A testator, in a devise of "all" his real estate "to my three children," naming them, "in equal shares and if either of my said children shall die without issue, his, her or their share or shares shall revert to the said children then living, meaning hereby that said estate or the proceeds from sale or rental income thereof shall continue in the heirs of my lineal descendants," intended that the three named children, if they survived the testator, as they did, should receive an estate in fee.
A devise of real estate in fee to three named children of a testator, who survived him, could not be cut down by a further provision, following in the same paragraph and reading: "And I herein forbid the sale or partition of said real estate without the consent of two of my said children during said children's lifetime, but desire my said executor to rent said estate, and after paying all necessary expenses thereon to divide the remainder of said income equally among my living children -- until a sale can be made as herein provided."
PETITION, filed in the Probate Court for the county of Essex on January 17, 1923, by the executor of the will of Elizabeth Mills, late of Lawrence, for instructions.
The case was heard by Costello, J., and a decree was entered "that by the terms of said will Melvin A. Mills, Hannah M. Blakelin and Annie L. Moulton took the real estate described in the petition in fee." Francis A. Blakelin and Grace M. Blakelin appealed; and in this court the case was submitted on briefs.
J. P. Kane, for the respondents Francis A. Blakelin and another.
A. G. Peirce, for Melvin A. Mills.
RONAN, J. Elizabeth Mills died testate in 1907, leaving as her next of kin three children, Hannah M. Blakelin, Annie L. Moulton and Melvin A. Mills. Her will provided for the following disposition of her real estate: "Item 2. Any and all real estate that I may possess at the time of my death, I give devise and bequeath to my three children Hannah M. Blakelin Annie A Moulton and Melvin A Mills in equal shares and if either of my said children shall die without issue, his, her or their share or shares shall revert to the said children then living, meaning hereby that said estate or the proceeds from sale or rental income thereof shall continue in the heirs of my lineal decendants [sic]. And I herein forbid the sale or partition of said real estate without the consent of two of my said children during said children's lifetime, but desire my said executor to rent said estate, and after paying all necessary expenses thereon to divide the remainder of said income equally among my living children -- until a sale can be made as herein provided." After distributing all her personal property substantially equally to her three children, with the exception of small legacies to her grandchildren and a friend, the will provided that the residue be given to her three children "if living and if either of my said children shall die without lineal decendants [sic] I desire that his or her share shall be given or revert to my other living children, this last clause referring to property mentioned in this Item No 11 only."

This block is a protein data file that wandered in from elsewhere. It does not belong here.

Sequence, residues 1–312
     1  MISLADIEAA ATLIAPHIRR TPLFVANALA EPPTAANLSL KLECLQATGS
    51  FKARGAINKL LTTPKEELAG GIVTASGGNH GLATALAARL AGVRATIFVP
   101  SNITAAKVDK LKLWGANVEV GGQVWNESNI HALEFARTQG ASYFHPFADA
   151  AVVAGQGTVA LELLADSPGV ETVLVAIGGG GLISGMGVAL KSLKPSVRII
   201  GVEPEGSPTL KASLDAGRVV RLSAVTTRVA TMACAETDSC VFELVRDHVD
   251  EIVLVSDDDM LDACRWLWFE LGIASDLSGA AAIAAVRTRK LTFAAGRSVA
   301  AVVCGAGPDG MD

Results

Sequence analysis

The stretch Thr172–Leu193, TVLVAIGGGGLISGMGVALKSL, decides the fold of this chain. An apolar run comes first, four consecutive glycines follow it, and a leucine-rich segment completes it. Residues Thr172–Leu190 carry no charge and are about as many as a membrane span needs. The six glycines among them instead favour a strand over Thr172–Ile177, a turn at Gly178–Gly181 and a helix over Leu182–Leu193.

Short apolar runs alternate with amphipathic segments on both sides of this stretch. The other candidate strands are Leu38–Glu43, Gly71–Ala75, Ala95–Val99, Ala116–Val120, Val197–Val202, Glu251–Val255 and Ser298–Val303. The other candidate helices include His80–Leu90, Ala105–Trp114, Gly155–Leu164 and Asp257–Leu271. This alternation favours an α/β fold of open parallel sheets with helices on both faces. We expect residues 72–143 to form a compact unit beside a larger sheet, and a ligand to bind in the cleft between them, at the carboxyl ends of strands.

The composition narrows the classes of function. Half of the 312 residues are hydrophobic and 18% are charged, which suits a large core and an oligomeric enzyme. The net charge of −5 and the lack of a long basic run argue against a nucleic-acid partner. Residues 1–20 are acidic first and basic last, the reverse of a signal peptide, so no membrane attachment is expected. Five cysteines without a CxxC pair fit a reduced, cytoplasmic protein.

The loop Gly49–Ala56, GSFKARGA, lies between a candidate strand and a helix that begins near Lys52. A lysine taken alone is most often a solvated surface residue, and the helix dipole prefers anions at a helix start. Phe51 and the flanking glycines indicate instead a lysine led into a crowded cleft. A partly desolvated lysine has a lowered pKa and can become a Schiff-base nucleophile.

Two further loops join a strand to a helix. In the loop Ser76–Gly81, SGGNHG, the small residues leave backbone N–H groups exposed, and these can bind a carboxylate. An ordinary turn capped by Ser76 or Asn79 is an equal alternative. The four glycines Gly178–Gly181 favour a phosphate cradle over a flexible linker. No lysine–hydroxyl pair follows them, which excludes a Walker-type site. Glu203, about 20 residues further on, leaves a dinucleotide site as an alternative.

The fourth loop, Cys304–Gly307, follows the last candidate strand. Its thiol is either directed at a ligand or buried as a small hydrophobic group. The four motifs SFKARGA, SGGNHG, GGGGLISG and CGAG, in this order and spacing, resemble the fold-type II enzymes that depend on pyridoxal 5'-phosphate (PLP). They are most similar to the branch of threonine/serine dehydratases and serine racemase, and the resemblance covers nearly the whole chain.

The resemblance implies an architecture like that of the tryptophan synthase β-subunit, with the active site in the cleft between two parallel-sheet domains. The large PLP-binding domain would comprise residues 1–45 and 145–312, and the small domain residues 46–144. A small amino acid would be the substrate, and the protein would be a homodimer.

Mrs. Moulton, a widow, died intestate in 1910 leaving no issue. Mrs. Blakelin died in 1932 leaving two children, Francis A. Blakelin and Grace M. Blakelin, the appellants. A third child, Marcia V. C. Blakelin, a single woman, died intestate prior to the death of her mother. The petitioner Mills is the only surviving child of the testatrix. All the real estate was sold in 1920 and this petition, which seeks a construction of the will in order to determine the rights of the parties in the proceeds of the sale, was filed in the Probate Court of Essex County on January 17, 1923. The case is here by appeal of the two children of Mrs. Blakelin from a decree of the Probate Court, entered on August 2, 1939, adjudging that the will devised the real estate in fee to the three children of the testatrix.
"The rule for the construction of wills followed by courts in recent times is to ascertain the intent of the testator from the whole instrument, attributing due weight to all its language, and then give effect to that intent unless prevented by some positive rule of law . . . . It is permissible also to look at all the material circumstances in the light of which the will was executed in order to comprehend the sense and purpose of the language employed." Ware v. Minot, 202 Mass. 512 , 516. Sewall v. Elder, 279 Mass. 473 , 476-477. The ascertainment of the intent of the testator may be facilitated by reference to the general principle that a will speaks as of the time of his death. Galloupe v. Blake, 248 Mass. 196 , 199-200. McInnes v. Spillane, 282 Mass. 514 , 516.
The second item of this will, which disposes of the realty, consists of two sentences: the first defines the devisees and the nature of the estate given to them, and the second provides for the management and sale of the property after it has passed under the will. This first sentence is composed of three clauses. In the first clause the testatrix devised all her real estate "to my three children Hannah M Blakelin Annie A Moulton and Melvin A Mills in equal shares." If that provision stood alone, it would be adequate to pass to each a fee in one undivided third interest in the realty. Spooner v. Lovejoy, 108 Mass. 529 . Bassett v. Nickerson, 184 Mass. 169 .